It's Christmas time again, and that means I needed to come up with a spectacular present for my cousin's daughter. She's four, so that means she's all about Frozen. She also loves to help her mom and Sue Sue bake so I thought a Frozen apron would be a perfect gift!

Disney Store
There wasn't a tutorial out there that I used to complete this project. Instead, I scoured the internet and found multiple apron patterns and combined them to make my own pattern.

I should've taken more pictures throughout the process, but unfortunately I got caught up trying to make this apron from scratch and didn't think about taking them until afterwards.

However, I will try to give a simple run through of the process and if you have any questions, feel free to comment or email me!

To make this apron, you will need:
1 yard of royal blue fabric
1 yard of peacock blue fabric
1/2 yard of navy blue fabric 
(I got a yard of each anyway, just to be sure)
Matching thread (royal, peacock, navy, gold)
Glitter gold ribbon from Hobby Lobby
Silhouette heat transfer in pink and teal
(You can also use felt, as I saw in one tutorial. Just think about how you plan to wash your apron.)

I cut two pieces of (1) Elsa & Anna bodice piece, excluding the straps, from the PDF from this tutorial in the peacock fabric. Then, I cut two pieces of the (2) Anna piece, excluding the straps, from that same PDF out of the navy fabric. (Refer to the picture above to see what I'm talking about)

Sew the two navy pieces together, clipping close the the edges of the rounded sweetheart neck so it lays flat. Iron flat.

Cut out your apron straps and skirt according to this tutorial. (straps: 4" x 24"; skirt: 28" wide, length depends on your child; all of these measurements are adjustable, of course. These are just starting points)

Iron your straps in half, turn inside out, sew the finished ends.

Stitch the sides and top of the peacock bodice, with the straps inside (reference second tutorial for better explanation). Turn inside out.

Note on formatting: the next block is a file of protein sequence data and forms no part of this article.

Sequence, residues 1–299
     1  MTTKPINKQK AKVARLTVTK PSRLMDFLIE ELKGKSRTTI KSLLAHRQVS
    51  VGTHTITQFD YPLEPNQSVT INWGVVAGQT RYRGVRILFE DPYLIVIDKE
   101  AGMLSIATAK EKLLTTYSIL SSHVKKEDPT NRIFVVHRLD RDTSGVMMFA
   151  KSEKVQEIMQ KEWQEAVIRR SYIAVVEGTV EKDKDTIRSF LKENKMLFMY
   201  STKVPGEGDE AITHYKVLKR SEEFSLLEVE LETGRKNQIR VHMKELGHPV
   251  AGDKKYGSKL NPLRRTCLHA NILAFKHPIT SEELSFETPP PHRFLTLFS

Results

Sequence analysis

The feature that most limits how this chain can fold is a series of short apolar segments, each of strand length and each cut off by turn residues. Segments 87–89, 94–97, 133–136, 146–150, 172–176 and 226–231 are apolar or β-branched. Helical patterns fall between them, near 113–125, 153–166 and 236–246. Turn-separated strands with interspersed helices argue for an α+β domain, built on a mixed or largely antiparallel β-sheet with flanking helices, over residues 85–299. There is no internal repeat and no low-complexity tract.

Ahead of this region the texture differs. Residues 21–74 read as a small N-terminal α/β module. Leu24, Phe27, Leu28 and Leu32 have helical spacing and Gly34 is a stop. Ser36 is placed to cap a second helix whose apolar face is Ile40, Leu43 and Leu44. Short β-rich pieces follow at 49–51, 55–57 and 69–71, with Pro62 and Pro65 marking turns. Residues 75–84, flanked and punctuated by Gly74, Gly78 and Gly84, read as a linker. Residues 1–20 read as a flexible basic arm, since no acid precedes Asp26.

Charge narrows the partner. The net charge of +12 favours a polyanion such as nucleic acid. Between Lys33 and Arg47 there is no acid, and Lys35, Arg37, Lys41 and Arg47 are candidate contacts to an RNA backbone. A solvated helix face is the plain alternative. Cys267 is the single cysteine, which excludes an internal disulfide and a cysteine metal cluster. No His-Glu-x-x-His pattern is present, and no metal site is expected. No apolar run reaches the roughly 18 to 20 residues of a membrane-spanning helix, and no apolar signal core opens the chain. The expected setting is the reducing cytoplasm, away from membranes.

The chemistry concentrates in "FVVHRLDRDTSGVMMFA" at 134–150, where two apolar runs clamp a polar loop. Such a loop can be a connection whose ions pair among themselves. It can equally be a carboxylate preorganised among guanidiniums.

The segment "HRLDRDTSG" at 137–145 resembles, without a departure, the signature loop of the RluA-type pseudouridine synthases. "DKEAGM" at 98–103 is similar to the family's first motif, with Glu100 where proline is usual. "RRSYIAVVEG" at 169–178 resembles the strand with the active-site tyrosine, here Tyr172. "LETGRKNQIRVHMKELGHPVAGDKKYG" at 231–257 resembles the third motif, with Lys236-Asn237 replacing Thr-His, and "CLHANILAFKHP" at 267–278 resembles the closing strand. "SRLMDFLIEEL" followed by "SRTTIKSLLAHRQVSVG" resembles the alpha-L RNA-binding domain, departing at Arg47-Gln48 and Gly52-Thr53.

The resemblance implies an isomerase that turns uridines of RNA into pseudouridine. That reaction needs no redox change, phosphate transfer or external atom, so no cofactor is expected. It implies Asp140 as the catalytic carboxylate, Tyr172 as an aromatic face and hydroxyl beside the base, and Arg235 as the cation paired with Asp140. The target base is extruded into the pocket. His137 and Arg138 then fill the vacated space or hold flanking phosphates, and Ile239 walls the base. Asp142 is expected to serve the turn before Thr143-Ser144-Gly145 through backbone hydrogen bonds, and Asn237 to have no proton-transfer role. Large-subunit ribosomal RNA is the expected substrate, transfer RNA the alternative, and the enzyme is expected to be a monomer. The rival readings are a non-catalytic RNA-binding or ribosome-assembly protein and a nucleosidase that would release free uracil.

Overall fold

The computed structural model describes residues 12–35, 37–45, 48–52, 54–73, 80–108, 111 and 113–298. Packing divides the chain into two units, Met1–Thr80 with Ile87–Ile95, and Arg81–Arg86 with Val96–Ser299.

Zigzag stick the bottom of the peacock bodice. Zigzag the bottom of the navy bodice. This will prevent fraying.

Cut 2 pieces of gold glitter ribbon at an angle to match the angle of the navy bodice. You may need to play around with it to figure out how to make it lay right. Pin the ribbon to your navy piece. Sew gold ribbon onto navy piece with gold thread.

Lay navy bodice and peacock bodice facing each other. Pin and sew sides and top. DO NOT SEW THE BOTTOM OF THE BODICES TOGETHER. VERY IMPORTANT!

Turn inside out. Now, you should have your peacock bodice in the back with the straps coming out of the top. The navy bodice should lay on top, only being attached from the sides, with the gold ribbon on the bottom. We're halfway done!

Onto the skirt! This part is easy! Depending on the size of your child, leave your fabric folded but cut it to width desired. Insert your other two straps (reference the second tutorial again, if needed) and sew the sides and top of the skirt.

I don't know why my carpet looks so weird. I promise it's not that ugly orange color. :)
Then, attach the skirt ONLY TO THE PEACOCK BODICE. DO NOT attach it to the navy bodice! The navy bodice will cover the seam of where  the skirt and peacock bodice meet. Pin the skirt and sew! (Tip: I found it easiest to pin the edges first, then the middle and work my way in. This gave the skirt a gathered effect.)

If you're planning on using Silhouette heat transfer, download the picture below and trace the outside edge of the image. This should allow you to cut the same image out. Once you've cut out the heat transfer, iron it on to the bodice, and you are done!

Now your little one has their very own Princess Anna apron!

The flash is a little bright on this one, and it kind of distorts the colors, but you can see the design much better. 

Again, if you have any questions, please feel free to email me! And if you make your own Princess Anna apron, or Elsa, please share! I would love to see them!

Down The Rabbit Hole